|Title||:||Conversations with Woody Allen|
|Publisher||:||Knopf Doubleday Publishing Group|
|Release||:||October 16, 2007|
|File type||:||PDF, ePub, eBook|
|File||:||Conversations with Woody Allen-Eric Lax.pdf|
|Last Checked||:||23 minutes ago|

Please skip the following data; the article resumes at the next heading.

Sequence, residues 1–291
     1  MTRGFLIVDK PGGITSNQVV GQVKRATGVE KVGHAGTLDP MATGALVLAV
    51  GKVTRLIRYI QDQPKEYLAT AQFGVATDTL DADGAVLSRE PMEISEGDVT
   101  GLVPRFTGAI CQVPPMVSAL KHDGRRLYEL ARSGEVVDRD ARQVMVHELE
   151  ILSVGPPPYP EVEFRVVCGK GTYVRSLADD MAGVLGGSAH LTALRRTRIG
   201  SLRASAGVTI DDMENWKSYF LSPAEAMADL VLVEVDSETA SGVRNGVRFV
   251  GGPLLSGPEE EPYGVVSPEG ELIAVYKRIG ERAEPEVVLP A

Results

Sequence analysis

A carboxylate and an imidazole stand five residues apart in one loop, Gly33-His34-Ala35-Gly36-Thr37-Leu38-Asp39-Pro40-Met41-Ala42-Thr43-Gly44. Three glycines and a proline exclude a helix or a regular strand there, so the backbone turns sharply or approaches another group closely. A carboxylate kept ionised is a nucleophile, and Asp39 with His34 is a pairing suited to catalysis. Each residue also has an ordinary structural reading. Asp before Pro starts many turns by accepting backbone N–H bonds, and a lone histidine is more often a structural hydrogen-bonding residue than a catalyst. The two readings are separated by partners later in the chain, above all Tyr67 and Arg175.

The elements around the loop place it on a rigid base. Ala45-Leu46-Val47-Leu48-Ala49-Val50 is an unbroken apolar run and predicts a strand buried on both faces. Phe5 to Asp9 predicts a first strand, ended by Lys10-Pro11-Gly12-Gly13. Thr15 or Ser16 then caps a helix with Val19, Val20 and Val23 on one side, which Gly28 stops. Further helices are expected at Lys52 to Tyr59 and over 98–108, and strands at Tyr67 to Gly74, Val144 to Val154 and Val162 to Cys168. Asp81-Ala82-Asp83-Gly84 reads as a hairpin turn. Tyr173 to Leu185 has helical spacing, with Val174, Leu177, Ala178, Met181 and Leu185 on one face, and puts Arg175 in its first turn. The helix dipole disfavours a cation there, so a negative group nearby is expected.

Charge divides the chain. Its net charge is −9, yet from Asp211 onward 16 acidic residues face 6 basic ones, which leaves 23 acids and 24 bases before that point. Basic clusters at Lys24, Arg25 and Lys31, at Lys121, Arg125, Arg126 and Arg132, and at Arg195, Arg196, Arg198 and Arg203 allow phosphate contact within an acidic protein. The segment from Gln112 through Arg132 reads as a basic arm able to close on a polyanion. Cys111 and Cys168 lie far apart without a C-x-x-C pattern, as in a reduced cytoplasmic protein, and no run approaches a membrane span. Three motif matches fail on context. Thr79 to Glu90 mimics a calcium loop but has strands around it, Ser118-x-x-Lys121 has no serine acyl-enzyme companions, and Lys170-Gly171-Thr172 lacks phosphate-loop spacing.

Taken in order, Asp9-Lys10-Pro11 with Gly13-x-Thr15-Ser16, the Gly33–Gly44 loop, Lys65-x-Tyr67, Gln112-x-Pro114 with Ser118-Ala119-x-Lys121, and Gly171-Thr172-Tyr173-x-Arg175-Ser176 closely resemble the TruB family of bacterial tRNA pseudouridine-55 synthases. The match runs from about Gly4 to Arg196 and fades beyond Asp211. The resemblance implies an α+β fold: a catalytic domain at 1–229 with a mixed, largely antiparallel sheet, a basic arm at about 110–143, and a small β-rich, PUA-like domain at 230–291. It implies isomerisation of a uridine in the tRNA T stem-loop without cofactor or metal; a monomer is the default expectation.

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From the author of the best-selling biography Woody Allen— the most informative, revealing, and entertaining conversations from his thirty-six years of interviewing the great comedian and filmmaker. For more than three decades, Woody Allen has been talking regularly and candidly with Eric Lax, and has given him singular and unfettered access to his film sets, his editing room, and his thoughts and observations. In discussions that begin in 1971 and continue into 2007, Allen discusses every facet of moviemaking through the prism of his own films and the work of directors he admires. In doing so, he reveals an artist’s development over the course of his career to date, from joke writer to standup comedian to world-acclaimed filmmaker. Woody talks about the seeds of his ideas and the writing of his screenplays; about casting and acting, shooting and directing, editing and scoring. He tells how he reworks screenplays even while filming them. He describes the problems he has had casting American men, and he explains why he admires the acting of (among many others) Alan Alda, Marlon Brando, Michael Caine, John Cusack, Judy Davis, Robert De Niro, Leonardo DiCaprio, Mia Farrow, Gene Hackman, Scarlett Johansson, Julie Kavner, Liam Neeson, Jack Nicholson, Charlize Theron, Tracey Ullman, Sam Waterston, and Dianne Wiest. He places Diane Keaton second only to Judy Holliday in the pantheon of great screen comediennes. He discusses his favorite films ( Citizen Kane is the lone American movie on his list of sixteen “best films ever made”; Duck Soup and Airplane! are two of his preferred “comedian’s films”; Trouble in Paradise and Born Yesterday among his favorite “talking plot comedies”). He describes himself as a boy in Brooklyn enthralled by the joke-laden movies of Bob Hope and the sophisticated film stories of Manhattan. As a director, he tells us what he appreciates about Bergman, De Sica, Fellini, Welles, Kurosawa, John Huston, and Jean Renoir. Throughout he shows himself to be thoughtful, honest, self–deprecating, witty, and often hilarious. Conversations with Woody Allen is essential reading for everyone interested in the art of moviemaking and for everyone who has enjoyed the films of Woody Allen.
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